Candidate Conservation
Southeast Region
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What Are Candidate Species?

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Candidate species are plants and animals for which the U.S. Fish and Wildlife Service (FWS) has sufficient information on their biological status and threats to propose them as endangered or threatened under the Endangered Species Act (ESA), but for which development of a proposed listing regulation is precluded by other higher priority listing activities. The current list of FWS candidate species is available at do/index.html. The National Marine Fisheries Service, which has jurisdiction over most marine species, also maintains a list of “species of concern” for which more information is needed before they can be proposed for listing.


What protection does the Endangered Species Act (ESA) provide to candidate species?

Candidate species receive no statutory protection under the ESA. The FWS encourages cooperative conservation efforts for these species because they are, by definition, species that may warrant future protection under the ESA.


How do species become candidates?

Identification of potential candidates is a cooperative effort. The FWS endangered species specialists work closely with staff from other FWS resource programs as well as representatives of other Federal and State natural resource agencies, local and Tribal governments, business and industry, academia, conservation organizations, and other private interests to identify potential candidate species. NatureServe, working in cooperation with State Natural Heritage programs, ranks species status at State, national, and global levels based on their relative imperilment. This is also an important resource for identifying potential candidate species.

When sufficient information is developed to make well documented, biologically sound determinations about a species’ status, the FWS Field Offices consider wheter it meets the criteria for listing under the ESA. The FWS Regional Offices then provide recommendations for additions to the candidate list to the FWS Director, whose concurrence is necessary before a species becomes an official candidate species. Candidate species are assigned a listing priority from 1 to 12 based on the magnitude of threats they face, the immediacy of the threats, and their taxonomic uniqueness (for example, full species have higher priority than subspecies).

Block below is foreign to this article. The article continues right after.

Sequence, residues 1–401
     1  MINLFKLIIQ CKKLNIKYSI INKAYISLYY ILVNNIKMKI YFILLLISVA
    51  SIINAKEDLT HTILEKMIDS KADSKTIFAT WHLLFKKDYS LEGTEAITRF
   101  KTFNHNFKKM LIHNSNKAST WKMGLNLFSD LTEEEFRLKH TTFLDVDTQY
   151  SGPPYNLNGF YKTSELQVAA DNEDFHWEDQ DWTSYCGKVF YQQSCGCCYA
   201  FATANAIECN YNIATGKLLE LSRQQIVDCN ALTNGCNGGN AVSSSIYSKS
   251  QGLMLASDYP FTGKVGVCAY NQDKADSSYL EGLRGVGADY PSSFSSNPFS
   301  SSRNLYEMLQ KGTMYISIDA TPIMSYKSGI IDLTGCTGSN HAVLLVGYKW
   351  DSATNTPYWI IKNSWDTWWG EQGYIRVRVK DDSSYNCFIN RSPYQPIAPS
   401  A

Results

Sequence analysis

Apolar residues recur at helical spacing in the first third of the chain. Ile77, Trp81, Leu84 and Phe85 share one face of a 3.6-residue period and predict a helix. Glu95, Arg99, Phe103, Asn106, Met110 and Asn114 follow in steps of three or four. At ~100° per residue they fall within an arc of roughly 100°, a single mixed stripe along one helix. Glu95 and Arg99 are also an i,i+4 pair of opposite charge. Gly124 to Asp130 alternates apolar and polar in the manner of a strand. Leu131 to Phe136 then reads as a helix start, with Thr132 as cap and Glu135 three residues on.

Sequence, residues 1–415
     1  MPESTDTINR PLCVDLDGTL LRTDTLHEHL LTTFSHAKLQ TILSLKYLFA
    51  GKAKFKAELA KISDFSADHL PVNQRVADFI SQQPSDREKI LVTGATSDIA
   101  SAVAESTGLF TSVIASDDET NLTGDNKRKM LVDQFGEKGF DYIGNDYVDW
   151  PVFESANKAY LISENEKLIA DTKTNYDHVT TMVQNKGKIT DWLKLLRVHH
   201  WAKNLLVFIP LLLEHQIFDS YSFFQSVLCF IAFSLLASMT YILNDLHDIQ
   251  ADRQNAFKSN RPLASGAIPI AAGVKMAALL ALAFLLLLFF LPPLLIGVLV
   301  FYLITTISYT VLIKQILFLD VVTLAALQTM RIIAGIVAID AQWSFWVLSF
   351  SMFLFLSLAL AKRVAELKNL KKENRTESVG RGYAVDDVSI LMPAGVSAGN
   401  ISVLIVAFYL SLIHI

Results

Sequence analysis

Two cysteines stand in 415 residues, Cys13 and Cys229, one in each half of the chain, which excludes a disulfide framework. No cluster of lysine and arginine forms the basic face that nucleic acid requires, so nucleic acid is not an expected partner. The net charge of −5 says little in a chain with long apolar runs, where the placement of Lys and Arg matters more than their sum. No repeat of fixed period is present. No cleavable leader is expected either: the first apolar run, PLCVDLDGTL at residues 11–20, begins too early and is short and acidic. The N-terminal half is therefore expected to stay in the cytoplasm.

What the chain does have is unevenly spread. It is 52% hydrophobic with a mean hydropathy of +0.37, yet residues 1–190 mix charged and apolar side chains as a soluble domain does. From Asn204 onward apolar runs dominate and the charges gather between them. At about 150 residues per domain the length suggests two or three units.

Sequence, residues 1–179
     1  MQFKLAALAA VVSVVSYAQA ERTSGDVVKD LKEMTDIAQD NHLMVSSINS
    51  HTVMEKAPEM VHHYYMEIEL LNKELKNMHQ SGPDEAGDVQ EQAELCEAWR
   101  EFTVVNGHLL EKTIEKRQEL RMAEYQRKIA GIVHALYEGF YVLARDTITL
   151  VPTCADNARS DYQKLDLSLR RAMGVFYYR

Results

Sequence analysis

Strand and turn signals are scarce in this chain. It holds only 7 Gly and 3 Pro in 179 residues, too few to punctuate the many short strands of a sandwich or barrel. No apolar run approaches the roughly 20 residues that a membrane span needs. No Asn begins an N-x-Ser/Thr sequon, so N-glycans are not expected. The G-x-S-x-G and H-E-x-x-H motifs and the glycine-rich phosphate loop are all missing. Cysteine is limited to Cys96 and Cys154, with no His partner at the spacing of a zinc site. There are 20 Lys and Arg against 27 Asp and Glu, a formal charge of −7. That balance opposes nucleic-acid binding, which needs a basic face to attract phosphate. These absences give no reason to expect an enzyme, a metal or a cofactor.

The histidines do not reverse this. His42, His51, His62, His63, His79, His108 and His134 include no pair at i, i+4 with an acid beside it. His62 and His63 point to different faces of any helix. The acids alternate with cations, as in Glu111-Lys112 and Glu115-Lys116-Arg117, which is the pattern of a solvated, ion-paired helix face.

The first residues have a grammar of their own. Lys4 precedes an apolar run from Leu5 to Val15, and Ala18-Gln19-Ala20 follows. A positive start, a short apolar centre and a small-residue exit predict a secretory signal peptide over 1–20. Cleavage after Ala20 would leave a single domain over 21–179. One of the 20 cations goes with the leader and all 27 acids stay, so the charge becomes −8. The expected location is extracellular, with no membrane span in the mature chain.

The species’ listing priority dictates the relative order in which proposed listing rules are prepared, with the species at greatest risk (listing priority one through three) being proposed first.


How does the public know what species are candidates for listing?

The FWS annually publishes a Candidate Notice of Review (CNOR) in the Federal Register that provides an updated list of plants and animals native to the United States that are regarded as candidates for possible listing. While there is no requirement under the ESA to publish such a list, we believe that it is important to advise other Federal agencies, State and Tribal governments, local governments, industry, and the public of those species that are at risk and may warrant ESA protection. Advance notice of potential ESA listings can assist environmental planning efforts allowing resource managers to alleviate threats and thereby possibly remove the need to list these taxa. View current CNOR.


What is the advantage of conserving species that are already candidates or proposed for listing?

An effective program for the conservation of endangered species requires a means of addressing species that have not yet been listed but that face immediate, identifiable threats. Early conservation maximizes management options for landowners and for the species, minimizes the cost of recovery, and reduces the potential for restrictive land use policies that may be necessary in the future. Addressing the needs of species before the regulatory requirements associated with listed species come into play often allows greater management flexibility to stabilize or restore these species and their habitats. In addition, as threats are reduced and populations are increased or stabilized, priority for listing can be shifted to those species in greatest need of the ESA’s protective measures. Ideally, sufficient threats can be removed to eliminate the need for listing.

The FWS offers technical expertise and provides funding for conservation of candidate and other species at-risk. For further information, see


Two adult sandhill cranes in tall grass with one chick
Sandhill cranes with chick. Photo: Florida Fish and Wildlife Conservation Commission.



Last updated: October 22, 2014